“You know,” Monsignor, “he wept before his mother’s grave, “I’m not going to forget any more…I’m going to go back to Church and pray for mom and for my wife and for my kids and for all the poor and the suffering people in the world.  I’ll never forget again what it’s all about!”

And since that day, I have prayed that God make me half the shepherd which that old lady with the worn-out holy card in her prayer book was.


So, after Eschatological Bocci, get outa here!  They’re waiting for you.  Go feed them. Feed the cuddly little innocent lambs and big fat smelly sheep…feed them with the Gospel of Truth, the Bread of Life and the sacraments which flow from this altar.  

Go feed his lambs and shepherd his sheep!

Monday, May 9, 2016

Beginning the Week with Song...

The last week of the Seminary year began with a beautiful concert of Hebrew Sacred Music, thanks to our own Dr. Janet Hunt and the folks at Hebrew College.  Here's a picture of the evening.

Wednesday, May 4, 2016

The Fifth Annual Pre-Theo Awards


Fiftieth Anniversary of Nostra Aetate

Just a couple evenings ago we joined with Redemptoris Mater Seminary to hear a presentation on the impact of two documents on Jewish-Christian relations: Nostra Aetate and Dabru Emet.

Presentations were heard by Father Dennis McManus and Rabbi Or Rose.  Father McManus, in addition to his work at Saint John’s Seminary, is a Faculty member of the Program for Jewish Civilization in the School of Foreign Service at georgetown University, where he offers courses in the history of Christian-Jewish conflict, autobiography in the Holocaust, and the theory and practice of inter-religious dialogue.  He is also Consultant for Jewish Affairs to the United States Conference of catholic bishops and a priest of the Archdiocese of Mobile in Alabama.

Rabbi Or Rose is the founding Director of the Center for Global Judaism at Hebrew College and co-director of the Center for Inter-religious and Community Leadership Education, a joint venture of Hebrew College and Andover Newton Theological School. 

Rabbi Rose is also one of the co-editors of  the book My Neighbor's Faith: Stories of Inter-religious Encounter, Growth and Transformation, from whose introduction comes the following passage: 
We live in the most religiously diverse nation in the history of humankind.  Every day, across the country, people of different religious beliefs and practices encounter one another in supermarkets, hospitals, schools, chat rooms and family gatherings.  How has this new situation of religious diversity affected the way we understand the religious “other,” ourselves or ultimate reality?  Will it lead us to overcome the long history of religious intolerance, bigotry and violence that has plagued humanity for centuries?  Can we learn to live together with mutual respect, acknowledging commonalities and differences, working together to create a more just and compassionate world?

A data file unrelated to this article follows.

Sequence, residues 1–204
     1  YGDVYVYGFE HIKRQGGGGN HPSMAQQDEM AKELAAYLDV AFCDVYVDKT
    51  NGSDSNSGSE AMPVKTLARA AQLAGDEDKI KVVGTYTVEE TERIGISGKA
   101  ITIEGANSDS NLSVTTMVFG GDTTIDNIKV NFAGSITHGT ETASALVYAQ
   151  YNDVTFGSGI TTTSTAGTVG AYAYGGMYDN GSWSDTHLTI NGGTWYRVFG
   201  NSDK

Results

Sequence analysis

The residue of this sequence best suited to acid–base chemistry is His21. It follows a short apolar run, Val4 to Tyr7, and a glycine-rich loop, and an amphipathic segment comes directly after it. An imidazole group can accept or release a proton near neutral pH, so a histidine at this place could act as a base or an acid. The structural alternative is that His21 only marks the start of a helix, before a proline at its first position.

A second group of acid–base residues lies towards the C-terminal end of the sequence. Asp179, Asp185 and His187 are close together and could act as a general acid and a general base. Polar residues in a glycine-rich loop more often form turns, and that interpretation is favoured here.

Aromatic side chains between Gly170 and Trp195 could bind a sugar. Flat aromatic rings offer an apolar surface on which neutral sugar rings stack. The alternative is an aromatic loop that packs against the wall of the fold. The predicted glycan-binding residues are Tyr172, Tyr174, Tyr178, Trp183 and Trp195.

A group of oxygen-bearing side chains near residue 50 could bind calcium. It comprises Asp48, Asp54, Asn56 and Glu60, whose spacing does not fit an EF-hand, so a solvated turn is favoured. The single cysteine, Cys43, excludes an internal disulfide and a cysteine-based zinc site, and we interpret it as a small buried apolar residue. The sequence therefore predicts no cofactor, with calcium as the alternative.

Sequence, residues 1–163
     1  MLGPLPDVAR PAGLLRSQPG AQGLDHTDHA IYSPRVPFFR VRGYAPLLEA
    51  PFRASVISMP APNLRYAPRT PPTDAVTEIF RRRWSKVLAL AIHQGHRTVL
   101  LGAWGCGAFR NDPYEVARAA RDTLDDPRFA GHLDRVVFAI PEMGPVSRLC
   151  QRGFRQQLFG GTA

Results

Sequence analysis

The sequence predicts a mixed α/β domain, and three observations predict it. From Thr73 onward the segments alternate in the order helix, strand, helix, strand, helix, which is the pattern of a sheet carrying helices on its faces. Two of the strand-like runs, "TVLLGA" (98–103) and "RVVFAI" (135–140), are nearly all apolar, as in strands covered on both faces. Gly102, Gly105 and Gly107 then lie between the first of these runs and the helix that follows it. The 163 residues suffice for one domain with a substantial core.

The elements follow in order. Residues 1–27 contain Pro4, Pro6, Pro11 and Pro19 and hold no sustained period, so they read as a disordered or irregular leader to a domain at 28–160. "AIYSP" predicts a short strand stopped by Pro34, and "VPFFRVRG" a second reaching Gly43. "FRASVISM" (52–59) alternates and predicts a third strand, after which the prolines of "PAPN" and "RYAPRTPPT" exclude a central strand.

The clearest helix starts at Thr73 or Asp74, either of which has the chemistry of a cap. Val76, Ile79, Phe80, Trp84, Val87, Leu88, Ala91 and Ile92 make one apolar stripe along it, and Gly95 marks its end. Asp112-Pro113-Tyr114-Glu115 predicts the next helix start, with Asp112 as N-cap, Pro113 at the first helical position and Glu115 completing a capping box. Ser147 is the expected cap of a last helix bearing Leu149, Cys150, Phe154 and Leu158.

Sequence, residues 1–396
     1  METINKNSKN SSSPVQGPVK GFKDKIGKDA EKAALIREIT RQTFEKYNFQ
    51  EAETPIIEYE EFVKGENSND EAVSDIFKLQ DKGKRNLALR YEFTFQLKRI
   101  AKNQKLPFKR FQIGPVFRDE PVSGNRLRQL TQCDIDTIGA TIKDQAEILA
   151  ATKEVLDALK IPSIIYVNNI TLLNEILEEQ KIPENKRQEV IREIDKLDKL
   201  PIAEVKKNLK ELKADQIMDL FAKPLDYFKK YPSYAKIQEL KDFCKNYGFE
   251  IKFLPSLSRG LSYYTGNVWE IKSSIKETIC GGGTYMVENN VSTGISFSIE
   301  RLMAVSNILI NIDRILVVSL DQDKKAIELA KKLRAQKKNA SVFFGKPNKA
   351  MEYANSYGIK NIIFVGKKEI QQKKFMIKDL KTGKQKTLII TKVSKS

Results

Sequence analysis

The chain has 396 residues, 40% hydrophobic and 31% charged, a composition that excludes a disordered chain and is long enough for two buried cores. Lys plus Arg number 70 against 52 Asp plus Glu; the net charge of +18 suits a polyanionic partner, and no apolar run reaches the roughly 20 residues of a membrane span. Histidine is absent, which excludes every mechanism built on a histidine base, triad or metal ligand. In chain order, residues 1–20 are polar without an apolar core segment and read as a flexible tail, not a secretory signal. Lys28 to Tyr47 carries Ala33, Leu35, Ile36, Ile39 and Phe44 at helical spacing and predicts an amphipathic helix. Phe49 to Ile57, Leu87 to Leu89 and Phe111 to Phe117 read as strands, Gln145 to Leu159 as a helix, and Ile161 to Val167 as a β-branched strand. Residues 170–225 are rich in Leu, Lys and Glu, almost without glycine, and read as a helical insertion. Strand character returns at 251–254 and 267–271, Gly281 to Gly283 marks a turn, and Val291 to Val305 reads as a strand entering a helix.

Three TV Ads for the Boston Pentecost Collection

Monday, May 2, 2016

Some Thoughts on Saint Athanasius

A little over four hundred years ago, Gian Lorenzo Bernini was given a commission by Pope Alexander VII to build a life-size reliquary for the Cathedra on which Saint Peter and each Pope for the first nine centuries sat.  While the origin of the chair is today in doubt, the shrine has stood as a glorious testament to the Petrine office of assuring unity in the Church.  

The chair, like that ministry, is supported by four Church Fathers: Augistine, Ambrose, Chrysosthom and the “Pillar of the Church” we commemorate today, Saint Athanasius.  He is responsible for introducing the concept of homoousious, or consubstantiality to the Creed and was a great champion on the faith.

But I have just one story to tell you from when Athanasius was still a small boy, playing outside Bishop Alexander’s house by the shore.  It seems, like many good Catholic boys, Athanasius liked to play Mass indoors, and when by the ocean he and his companions would play baptism with the neighborhood children.  The Bishop was concerned, however, that the Baptisms might be valid and called them all inside, reminding them that it is wrong to Baptize without a proper catehumenate, and so they had all best study their catechisms so they could grow up to do the real thing some day.

Which little Athanasius did, indeed coming to understand the mystery of the Most Blessed Trinity even better than anyone else before him.  

Which is why we study too.

Sunday, May 1, 2016

Boston Ordination to Transitional Diaconate

Cardinal Sean O. O'Malley, OFM, Cap., Archbishop of Boston, ordained six men to the Diaconate on Saturday at Holy Cross Cathedral.  Congratulations to all these men, especially the four new Deacons from Saint John's Seminary: Deacon Jason Rinaldo Giombetti, Deacon Godfrey Musabe, Deacon Joel Americo Santos and Deacon William Paro Sexton.

To watch a video of the Ordination, click here to go to CatholicTV.